Guide to Paper

Written by Hannah Clark

 

No matter what your choice of medium is, the surface you put it on is crucial. I have already written a guide to canvases, so this is a guide to paper.

It takes time to find the right paper for you as there is a massive variety of different brands and surfaces. There is a general guide in that certain papers would be best with certain mediums which I will clarify later on. It's a matter of trial and error that you find what is best for you, though buying pads and sheets can be expensive. The majority of suppliers to give out free sample packs of different papers for you to try and Lovelys can arrange this for you if required. Please get in touch if so.

As a rule, the more expensive the paper, the better quality it is due to the labour and materials that go into creating it. Artists quality paper is usually made from cotton or sometimes called 'rag', that uses long and strong fibres that are acid-free and are therefore long-lasting. This is useful if you're creating artwork that requires a lot of pressure: such as rough brushmarks, nibs and pastels.

Wood pulp paper, such as sugar paper and newsprint is cheap and meant for temporary measures as it degrades and yellows with age.

The best paper is handmade and these are usually 100% cotton made by the very skilled. Next is mould-made, that is produced on a cylinder mould, where the fibres are randomly distributed like the handmade. Both handmade and mould-made paper come with deckled edges that also give the paper character. Machine made papers are the cheapest but with no character: the fibres go in the same direction as the machine and are more likely to buckle under pressure and moisture.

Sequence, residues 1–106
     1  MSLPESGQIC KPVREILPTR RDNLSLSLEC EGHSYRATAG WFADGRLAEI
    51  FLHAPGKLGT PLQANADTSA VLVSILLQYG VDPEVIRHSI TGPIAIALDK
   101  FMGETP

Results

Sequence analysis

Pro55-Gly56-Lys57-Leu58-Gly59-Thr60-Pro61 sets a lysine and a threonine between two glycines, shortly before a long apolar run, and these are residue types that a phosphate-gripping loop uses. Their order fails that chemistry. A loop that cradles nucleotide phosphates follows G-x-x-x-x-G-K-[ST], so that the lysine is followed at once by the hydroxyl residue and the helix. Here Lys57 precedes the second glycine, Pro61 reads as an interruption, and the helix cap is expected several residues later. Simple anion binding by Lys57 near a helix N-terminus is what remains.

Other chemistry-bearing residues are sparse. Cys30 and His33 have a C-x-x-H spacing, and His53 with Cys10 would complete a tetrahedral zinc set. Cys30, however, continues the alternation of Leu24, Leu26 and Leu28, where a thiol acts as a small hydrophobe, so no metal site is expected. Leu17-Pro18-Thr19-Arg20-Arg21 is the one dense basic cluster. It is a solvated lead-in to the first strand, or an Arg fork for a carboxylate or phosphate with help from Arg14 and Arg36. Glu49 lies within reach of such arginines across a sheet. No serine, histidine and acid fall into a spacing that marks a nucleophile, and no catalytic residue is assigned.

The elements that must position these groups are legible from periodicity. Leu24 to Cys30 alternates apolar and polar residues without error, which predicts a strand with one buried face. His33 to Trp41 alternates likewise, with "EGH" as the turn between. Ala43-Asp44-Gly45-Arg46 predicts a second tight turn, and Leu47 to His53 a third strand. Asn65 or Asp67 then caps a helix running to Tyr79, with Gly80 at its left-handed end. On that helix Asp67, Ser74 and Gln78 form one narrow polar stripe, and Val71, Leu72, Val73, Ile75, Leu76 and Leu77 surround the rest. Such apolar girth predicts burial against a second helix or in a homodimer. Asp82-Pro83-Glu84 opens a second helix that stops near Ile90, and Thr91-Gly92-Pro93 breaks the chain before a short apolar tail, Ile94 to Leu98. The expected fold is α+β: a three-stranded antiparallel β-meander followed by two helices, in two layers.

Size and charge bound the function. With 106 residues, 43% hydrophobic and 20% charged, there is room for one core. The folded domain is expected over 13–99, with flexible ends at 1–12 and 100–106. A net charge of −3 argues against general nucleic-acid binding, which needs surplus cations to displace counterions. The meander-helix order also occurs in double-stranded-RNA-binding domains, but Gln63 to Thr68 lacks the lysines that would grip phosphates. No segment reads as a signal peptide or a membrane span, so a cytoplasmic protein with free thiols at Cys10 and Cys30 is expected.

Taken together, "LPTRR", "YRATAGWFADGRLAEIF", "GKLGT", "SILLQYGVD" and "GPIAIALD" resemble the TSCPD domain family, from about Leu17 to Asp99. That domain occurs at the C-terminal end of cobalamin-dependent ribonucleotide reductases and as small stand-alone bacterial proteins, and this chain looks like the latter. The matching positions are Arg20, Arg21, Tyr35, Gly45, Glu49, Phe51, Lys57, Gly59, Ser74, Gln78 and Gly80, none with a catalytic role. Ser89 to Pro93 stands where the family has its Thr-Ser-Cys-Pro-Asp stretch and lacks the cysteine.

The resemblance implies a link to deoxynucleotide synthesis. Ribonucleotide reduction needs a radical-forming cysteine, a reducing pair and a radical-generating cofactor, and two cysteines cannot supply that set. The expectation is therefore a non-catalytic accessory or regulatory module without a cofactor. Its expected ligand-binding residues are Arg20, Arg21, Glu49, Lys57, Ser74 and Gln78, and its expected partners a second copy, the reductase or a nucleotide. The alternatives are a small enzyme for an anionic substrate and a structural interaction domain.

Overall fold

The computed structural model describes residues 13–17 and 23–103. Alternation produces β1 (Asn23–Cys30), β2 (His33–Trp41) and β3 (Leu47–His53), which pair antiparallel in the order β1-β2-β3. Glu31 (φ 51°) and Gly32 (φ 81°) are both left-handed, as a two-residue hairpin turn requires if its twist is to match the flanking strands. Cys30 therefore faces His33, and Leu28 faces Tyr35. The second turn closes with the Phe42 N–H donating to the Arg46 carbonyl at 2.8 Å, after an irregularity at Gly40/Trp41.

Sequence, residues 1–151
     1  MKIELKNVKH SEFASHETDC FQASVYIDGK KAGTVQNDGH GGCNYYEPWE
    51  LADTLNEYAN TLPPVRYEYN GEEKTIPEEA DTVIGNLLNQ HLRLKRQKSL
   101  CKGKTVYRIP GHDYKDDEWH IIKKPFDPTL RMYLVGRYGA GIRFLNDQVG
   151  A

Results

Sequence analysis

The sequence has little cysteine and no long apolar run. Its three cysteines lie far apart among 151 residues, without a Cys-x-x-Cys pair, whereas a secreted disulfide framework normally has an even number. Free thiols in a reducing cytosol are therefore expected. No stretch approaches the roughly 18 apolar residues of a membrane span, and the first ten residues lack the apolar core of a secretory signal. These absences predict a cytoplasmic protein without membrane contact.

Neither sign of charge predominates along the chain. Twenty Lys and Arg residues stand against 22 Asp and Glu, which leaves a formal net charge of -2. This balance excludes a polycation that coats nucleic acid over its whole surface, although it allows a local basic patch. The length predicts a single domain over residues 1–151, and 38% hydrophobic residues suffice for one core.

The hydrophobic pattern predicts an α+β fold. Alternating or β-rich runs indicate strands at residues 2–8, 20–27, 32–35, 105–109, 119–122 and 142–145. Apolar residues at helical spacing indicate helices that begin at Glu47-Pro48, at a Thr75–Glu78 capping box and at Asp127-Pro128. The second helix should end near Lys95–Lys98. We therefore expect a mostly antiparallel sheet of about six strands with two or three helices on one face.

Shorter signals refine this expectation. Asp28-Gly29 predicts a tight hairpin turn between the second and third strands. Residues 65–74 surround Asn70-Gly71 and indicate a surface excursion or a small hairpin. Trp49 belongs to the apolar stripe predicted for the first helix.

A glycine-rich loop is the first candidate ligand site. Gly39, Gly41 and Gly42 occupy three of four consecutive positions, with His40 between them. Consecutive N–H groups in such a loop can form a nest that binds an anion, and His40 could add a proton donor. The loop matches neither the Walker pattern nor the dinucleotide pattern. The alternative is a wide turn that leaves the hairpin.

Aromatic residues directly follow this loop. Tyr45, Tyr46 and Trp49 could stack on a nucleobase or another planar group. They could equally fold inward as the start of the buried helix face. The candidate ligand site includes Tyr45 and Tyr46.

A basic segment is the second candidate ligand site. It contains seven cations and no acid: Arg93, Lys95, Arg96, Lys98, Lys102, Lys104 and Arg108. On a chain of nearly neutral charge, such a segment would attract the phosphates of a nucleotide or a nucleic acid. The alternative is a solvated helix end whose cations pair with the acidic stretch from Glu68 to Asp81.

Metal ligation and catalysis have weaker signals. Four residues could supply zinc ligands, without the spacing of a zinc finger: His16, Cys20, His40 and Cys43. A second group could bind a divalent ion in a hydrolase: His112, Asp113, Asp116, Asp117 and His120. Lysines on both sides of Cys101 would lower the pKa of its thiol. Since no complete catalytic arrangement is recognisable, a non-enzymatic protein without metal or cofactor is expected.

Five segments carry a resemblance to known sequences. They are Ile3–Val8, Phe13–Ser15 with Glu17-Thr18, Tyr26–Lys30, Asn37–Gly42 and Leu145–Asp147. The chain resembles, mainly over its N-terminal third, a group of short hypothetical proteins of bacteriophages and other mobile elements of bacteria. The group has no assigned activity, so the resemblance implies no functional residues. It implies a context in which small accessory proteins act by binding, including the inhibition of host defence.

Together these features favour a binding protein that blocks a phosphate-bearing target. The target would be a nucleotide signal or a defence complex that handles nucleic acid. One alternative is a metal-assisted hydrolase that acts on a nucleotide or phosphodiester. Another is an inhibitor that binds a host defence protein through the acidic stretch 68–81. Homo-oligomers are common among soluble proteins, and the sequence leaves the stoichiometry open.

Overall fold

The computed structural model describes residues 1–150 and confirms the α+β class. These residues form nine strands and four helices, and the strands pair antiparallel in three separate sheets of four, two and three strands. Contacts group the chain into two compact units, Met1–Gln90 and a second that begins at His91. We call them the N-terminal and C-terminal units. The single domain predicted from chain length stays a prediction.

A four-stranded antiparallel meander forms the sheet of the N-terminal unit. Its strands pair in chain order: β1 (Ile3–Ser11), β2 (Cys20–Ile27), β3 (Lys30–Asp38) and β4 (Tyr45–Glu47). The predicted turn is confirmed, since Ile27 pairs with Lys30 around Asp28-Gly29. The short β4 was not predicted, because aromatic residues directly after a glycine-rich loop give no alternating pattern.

Firstly, watercolour paper: it can be used for not only watercolour but inks, acrylics and so forth. The surface of the paper is vital to get right for the medium you're using. Watercolour paper comes in 3 different types of surface: hot pressed, cold pressed/NOT or rough. Hot pressed is a very smooth, hard surface suitable for detailed work and subjects that are smooth- like skin or petals. Cold pressed, or NOT means not hot pressed- it has a semi-rough surface that suits most artists and subject matter in that it holds washes very well as well as being excellent for detail. Rough paper has more 'tooth' and therefore is good for subject matters that naturally have a lot of texture. When washes are dragged over the paper, some white is still left untouched, creating natural light and sparkle in the work.

Paper comes in a variety of weights, measured in lb or gsm. Typical weights are 90lb, 140lb, 200lb, 300lb and 400lb (or 180gsm/300gsm/410gsm/600gsm and 850gsm respectively), depending on the manufacturer. At Lovelys, we stock Winsor and Newton, Bockingford, Whatman, Arches, Saunders Waterford, Fabriano and many more- or we can special order in if we don't have it in stock!

Most papers are high-white, white or off-white but tinted papers are available too.